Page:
The last time 1904 FC was in the public eye was January 31st. The last time 1904 FC made a public move directly related to the team was in 2017. With the future of the North American Soccer League (NASL) still in limbo, the club’s silence does nothing to reassure nervous fans.
1904 FC set up their first “pop-up store” at the friendly match between Club Tijuana and Toronto FC at the University of San Diego’s Torero Stadium on the last day of January. The match was the 1904 FC’s first (and currently only) public event in 2018. In fact, it was the club’s first event open to the general public in over two months. In December, the club invited fans to watch a closed tryout, which remains the only roster-related action that 1904 FC has made public. Since that tryout, no news has come regarding any roster additions made from the tryout. The club has also not announced any more tryouts, closed or open. By comparison, Jacksonville Armada FC hosted open tryouts last Friday. At this point, 1904 FC is more of a brand than it is a football club.
Despite the NASL moving to the “international calendar” and pushing the start date of the 2018 season back until August, uncertainty still surrounds 1904 FC’s level of preparedness. Six months from the club’s inaugural season kicking off, the club’s roster has zero players on it, and the club is without a head coach. Compounding the problem, the international transfer window is closed until June, meaning that 1904 FC is unable to sign players from other clubs. Six months is certainly enough time to put a squad together, but a marquee player would increase fans’ confidences.
For comparison, Major League Soccer’s (MLS) newest expansion team Los Angeles FC signed their marquee player back in August, a full seven months before their first competitive game. After adding former Arsenal and Real Sociedad forward Carlos Vela, LAFC added a second marquee player in December with the signing of Uruguayan forward Diego Rossi. Finally, LAFC announced former United States National Team and Swansea City manager Bob Bradley as their head coach in January. Considering LAFC as an example, 1904 FC fans should be expecting a marquee signing any day now. However, if this comparison does anything, it should calm some nerves, and demonstrate that 1904 FC would be capable of assembling a squad when the international transfer window opens in June.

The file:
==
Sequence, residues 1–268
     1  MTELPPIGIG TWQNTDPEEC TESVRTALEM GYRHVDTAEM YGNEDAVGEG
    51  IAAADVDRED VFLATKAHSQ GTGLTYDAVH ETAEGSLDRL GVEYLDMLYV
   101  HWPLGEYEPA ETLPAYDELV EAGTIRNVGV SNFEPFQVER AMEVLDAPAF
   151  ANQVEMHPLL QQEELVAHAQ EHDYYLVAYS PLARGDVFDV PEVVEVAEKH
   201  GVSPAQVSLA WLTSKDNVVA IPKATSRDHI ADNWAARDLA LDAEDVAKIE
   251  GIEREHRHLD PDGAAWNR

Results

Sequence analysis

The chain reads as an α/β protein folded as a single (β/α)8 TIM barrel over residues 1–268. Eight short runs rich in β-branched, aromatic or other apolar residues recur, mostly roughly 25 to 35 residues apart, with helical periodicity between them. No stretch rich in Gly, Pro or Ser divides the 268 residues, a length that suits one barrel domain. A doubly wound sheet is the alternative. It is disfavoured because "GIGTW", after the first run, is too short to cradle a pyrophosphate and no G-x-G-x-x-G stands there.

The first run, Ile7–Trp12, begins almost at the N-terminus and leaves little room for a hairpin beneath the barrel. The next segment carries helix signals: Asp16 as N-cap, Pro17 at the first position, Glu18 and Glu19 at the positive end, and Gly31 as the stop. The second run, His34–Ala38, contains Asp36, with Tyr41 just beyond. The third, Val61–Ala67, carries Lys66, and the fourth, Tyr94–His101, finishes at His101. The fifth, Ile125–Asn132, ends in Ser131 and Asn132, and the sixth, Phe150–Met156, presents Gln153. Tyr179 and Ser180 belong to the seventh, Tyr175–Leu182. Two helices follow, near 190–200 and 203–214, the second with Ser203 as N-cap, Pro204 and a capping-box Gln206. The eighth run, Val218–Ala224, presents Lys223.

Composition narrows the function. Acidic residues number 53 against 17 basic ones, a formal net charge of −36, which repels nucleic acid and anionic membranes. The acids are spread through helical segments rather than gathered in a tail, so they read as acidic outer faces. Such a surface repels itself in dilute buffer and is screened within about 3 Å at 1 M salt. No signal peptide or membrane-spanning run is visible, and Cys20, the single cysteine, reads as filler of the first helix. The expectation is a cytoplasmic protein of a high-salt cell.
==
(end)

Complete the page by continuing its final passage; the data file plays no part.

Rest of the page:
There is the slight possibility that whether 1904 FC has a squad or not will not matter, as the NASL may not exist by August. The league is currently engaged in two separate legal actions against the United States Soccer Federation (USSF). The NASL is still in the process of appealing the USSF decision to revoke the league’s second-division status, which it had held since its creation in 2011. On February 6th, the NASL announced a suit against members of the USSF for breach of fiduciary duty. Defendants named in the suit include former USSF President Sunil Gulati and former Vice President and new President-elect Carlos Cordeiro, as well as MLS commissioner Don Garber. On their website, the NASL explains that the suit “alleges that Defendants – motivated by conflicts of interest and economic considerations which infect the operation of the Board – breached their fiduciary duties to the NASL.” “Most notably,” the complaint continues, “Defendants arbitrarily refused to sanction the NASL as a Division II league for the 2018 season to protect controlling Board members’ self-interested positions in Major League Soccer (MLS) and its for-profit marketing conglomerate, Soccer United Marketing LLC (SUM).” The suit goes on to claim that “Defendants have enriched MLS while wasting USSF assets and freezing out MLS competitors, like the NASL. In particular, Gulati and Garber have dominated Board operations to advance MLS interests while enhancing their own clout and influence. As [Carlos] Cordeiro recently admitted, ‘[t]he unique ownership of SUM creates conflicts that need to be addressed.’” As long as the lawsuits continue, the future of the NASL remains under threat. Since the revocation of the NASL’s second-division status, four teams have left the league – two shutting down entirely, and another two moving to the United Soccer League (USL).
Unfortunately for Demba Ba and the rest of the 1904 FC ownership group, they created a club amid rough times for the league they joined. Because of that, most of the uncertainty surrounding 1904 FC’s future is the uncertainty surrounding the NASL’s future. The next six months will feel long for 1904 FC fans, as they await any news from either the club or the league. At this point, any news would be good news.
Eric, 19, University of San Diego. A soccer player and fan my whole life, I now have the distinct privilege of covering 1904 FC for the East Village Times.